Using six different models based on air temperature, Dr. Chen is predicting this year’s stripe rust epidemic will be more severe than his first prediction in January.  Although air temperature during several periods in December and January was below the 5°F threshold for survival of the stripe rust fungus in plants, most of the wheat-growing area in eastern Washington had a blanket of snow cover that protected both winter wheat plants and the fungus, allowing both to survive. Consequently, Dr. Chen is now predicting an epidemic with potential yield loss of 32% on highly susceptible varieties, compared to 6% in his January forecast. Dr. Chen also reported finding actively sporulating stripe rust pustules during the week of March 6 in Walla Walla County where the wheat has greened-up and started growing. Fields farther to the north in Adams and Lincoln Counties were either still under snow or, where snow was gone, had dead spots where rust infection was severe last fall, or fall-infected leaves were dead. It is possible that the stripe rust fungus is still alive in these plants and may begin to sporulate once the plants begin growing again. These observations were confirmed in the OSU report, and stripe rust was observed on several varieties at two variety testing locations (Lexington, OR and Walla Walla, WA) and appears to be widespread in eastern Oregon and southeastern Washington.

Going forward, it will be important to scout all winter wheat fields and consider using a fungicide with herbicide application if the variety is moderately susceptible or susceptible (rating of 5 to 9) or active stripe rust is found on 2-5% of the plants in a field. Continue to monitor fields throughout the spring, especially as the end of fungicide effectiveness nears (3 to 5 weeks, depending on the fungicide).  For spring wheat, plant the most resistant variety available, preferably those rated 1 to 4.

For questions or comments, contact Dr. Chen at xianming@wsu.edu or (509) 335-8086 or Tim Murray by email (tim.murray@wsu.edu), by phone (509-335-7515), or Twitter (@WSUWheatDoc).

Metalaxyl-resistant Pythium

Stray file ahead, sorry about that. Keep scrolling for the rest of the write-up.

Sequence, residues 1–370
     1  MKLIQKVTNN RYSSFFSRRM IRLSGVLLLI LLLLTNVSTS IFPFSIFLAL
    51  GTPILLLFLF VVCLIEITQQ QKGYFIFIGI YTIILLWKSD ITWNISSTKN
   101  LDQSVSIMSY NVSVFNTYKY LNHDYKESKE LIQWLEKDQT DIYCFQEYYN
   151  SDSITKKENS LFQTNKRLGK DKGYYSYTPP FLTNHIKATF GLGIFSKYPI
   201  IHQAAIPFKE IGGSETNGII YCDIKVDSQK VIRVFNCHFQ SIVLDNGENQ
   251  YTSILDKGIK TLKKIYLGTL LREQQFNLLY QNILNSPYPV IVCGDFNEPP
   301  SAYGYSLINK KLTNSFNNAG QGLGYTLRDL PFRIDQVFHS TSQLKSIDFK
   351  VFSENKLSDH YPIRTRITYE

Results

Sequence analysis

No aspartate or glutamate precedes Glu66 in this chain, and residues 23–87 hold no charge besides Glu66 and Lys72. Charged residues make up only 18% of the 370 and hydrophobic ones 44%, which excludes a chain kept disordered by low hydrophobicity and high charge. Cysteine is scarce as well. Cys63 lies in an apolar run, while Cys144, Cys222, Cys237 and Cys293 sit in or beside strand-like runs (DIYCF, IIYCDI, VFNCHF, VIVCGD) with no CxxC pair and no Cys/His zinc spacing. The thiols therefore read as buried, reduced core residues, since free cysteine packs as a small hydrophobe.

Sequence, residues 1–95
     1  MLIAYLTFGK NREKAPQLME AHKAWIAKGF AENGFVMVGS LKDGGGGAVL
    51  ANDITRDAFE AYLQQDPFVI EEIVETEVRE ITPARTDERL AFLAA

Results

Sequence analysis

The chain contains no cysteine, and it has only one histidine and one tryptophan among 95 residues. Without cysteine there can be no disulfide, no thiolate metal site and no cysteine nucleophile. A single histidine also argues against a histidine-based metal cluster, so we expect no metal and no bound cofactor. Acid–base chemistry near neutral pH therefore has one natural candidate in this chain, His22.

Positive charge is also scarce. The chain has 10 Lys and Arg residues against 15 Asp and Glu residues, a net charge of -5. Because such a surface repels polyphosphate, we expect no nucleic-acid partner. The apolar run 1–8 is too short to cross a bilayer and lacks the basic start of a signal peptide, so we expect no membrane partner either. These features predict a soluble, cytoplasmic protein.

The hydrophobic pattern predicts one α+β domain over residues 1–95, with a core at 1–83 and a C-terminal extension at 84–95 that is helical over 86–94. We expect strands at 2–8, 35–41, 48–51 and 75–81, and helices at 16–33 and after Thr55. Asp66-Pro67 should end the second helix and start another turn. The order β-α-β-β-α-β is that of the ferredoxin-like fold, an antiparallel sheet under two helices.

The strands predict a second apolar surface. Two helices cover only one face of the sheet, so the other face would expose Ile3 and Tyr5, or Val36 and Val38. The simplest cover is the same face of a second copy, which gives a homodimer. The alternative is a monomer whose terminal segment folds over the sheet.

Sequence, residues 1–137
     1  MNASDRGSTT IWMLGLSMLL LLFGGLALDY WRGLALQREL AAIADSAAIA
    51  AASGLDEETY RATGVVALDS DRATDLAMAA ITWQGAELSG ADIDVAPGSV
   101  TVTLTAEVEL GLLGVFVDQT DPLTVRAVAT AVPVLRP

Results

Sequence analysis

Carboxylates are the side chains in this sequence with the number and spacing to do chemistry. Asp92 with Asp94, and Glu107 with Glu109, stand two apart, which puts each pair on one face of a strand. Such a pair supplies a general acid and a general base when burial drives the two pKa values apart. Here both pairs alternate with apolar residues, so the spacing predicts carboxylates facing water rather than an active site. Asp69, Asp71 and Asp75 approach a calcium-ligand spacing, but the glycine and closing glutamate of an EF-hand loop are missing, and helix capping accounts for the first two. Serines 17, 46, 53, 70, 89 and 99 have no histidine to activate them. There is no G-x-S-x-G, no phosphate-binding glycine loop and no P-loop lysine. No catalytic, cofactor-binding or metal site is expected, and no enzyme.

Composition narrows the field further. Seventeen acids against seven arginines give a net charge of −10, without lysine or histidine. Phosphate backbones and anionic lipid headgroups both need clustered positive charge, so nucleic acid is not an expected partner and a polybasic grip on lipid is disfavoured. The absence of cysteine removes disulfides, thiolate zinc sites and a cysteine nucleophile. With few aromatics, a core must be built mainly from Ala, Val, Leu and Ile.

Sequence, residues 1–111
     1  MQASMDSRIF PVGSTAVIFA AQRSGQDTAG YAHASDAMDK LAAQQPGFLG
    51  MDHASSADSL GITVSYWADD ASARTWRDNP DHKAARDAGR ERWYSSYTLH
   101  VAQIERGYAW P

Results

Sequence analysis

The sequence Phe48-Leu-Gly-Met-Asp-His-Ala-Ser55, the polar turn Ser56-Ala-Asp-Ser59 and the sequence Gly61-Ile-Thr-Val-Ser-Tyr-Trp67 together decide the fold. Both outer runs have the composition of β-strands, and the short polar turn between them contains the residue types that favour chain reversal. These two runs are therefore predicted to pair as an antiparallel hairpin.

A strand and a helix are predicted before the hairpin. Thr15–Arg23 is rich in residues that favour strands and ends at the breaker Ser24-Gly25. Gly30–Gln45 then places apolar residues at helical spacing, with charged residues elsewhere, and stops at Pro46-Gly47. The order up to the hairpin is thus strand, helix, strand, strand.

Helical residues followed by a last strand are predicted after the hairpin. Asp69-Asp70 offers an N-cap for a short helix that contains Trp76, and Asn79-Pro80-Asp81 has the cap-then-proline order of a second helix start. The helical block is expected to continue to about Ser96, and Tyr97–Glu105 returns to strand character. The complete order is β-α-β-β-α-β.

Pink MediaMetalaxyl is the active ingredient in fungicides such as Ridomil, Apron, Subdue, and others used to prevent root rots and seedling diseases caused by the fungus-like organism Pythium. Called Oomycetes, these fungus-like organisms require water for a portion of their life cycle, because most produce a swimming spore and are more closely related to brown algae than to true fungi like stripe rust. Other common oomycetes are the downy mildew and the late blight pathogen on potato. Pythium is a soilborne pathogen present in most agricultural soils that is able to attack a diversity of crops grown in the PNW including wheat, chickpeas (Chen and Van Vleet, 2016), lentils, canola, potatoes (Porter, et. al, 2009), other vegetables, and even the tree fruit. Because Pythium is not a true fungus, only certain fungicides can be used to protect a crop with, metalaxyl being most frequently used, most often in the form of a seed treatment. Unfortunately, in both potato-producing regions and in chickpea production in the Palouse, metalaxyl-resistant Pythium have been found. These resistant Pythium species are able to cause damping-off, stand and crop loss, and leak (in potatoes) despite the seed treatments. The fungicide ethaboxam is proposed as an alternative for managing metalaxyl resistant Pythium populations. As metalaxyl is our main weapon against Pythium and other oomycetes, it is vital that we be aware of developing resistance so that we can manage these populations and slow further development. Changes in management practices that encourage the rapid growth of seedlings and reduces cool, wet soil conditions until plants are robust enough to withstand minor damage can also help reduce the impact of Pythium.